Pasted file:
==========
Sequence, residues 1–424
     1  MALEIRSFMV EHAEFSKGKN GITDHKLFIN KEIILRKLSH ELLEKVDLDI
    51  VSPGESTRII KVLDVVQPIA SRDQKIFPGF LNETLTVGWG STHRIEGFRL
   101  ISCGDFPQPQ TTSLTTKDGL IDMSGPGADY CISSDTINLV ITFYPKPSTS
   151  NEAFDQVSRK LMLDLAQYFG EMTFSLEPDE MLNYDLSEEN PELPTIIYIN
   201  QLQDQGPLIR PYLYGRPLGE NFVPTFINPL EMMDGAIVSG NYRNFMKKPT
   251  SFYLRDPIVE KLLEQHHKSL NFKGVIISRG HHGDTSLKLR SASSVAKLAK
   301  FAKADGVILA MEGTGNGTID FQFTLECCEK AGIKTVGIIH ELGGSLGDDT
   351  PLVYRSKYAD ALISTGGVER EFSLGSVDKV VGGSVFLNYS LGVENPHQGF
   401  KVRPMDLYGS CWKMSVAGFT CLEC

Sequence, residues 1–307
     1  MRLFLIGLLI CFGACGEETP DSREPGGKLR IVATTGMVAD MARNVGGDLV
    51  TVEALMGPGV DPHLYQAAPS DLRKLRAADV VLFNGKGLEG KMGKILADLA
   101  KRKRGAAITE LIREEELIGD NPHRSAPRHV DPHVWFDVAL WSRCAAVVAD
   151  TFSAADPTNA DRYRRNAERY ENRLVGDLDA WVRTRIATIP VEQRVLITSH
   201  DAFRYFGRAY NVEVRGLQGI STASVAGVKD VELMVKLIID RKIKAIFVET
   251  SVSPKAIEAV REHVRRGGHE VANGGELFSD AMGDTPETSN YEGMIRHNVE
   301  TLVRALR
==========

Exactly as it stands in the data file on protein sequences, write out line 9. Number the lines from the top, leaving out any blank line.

   351  PLVYRSKYAD ALISTGGVER EFSLGSVDKV VGGSVFLNYS LGVENPHQGF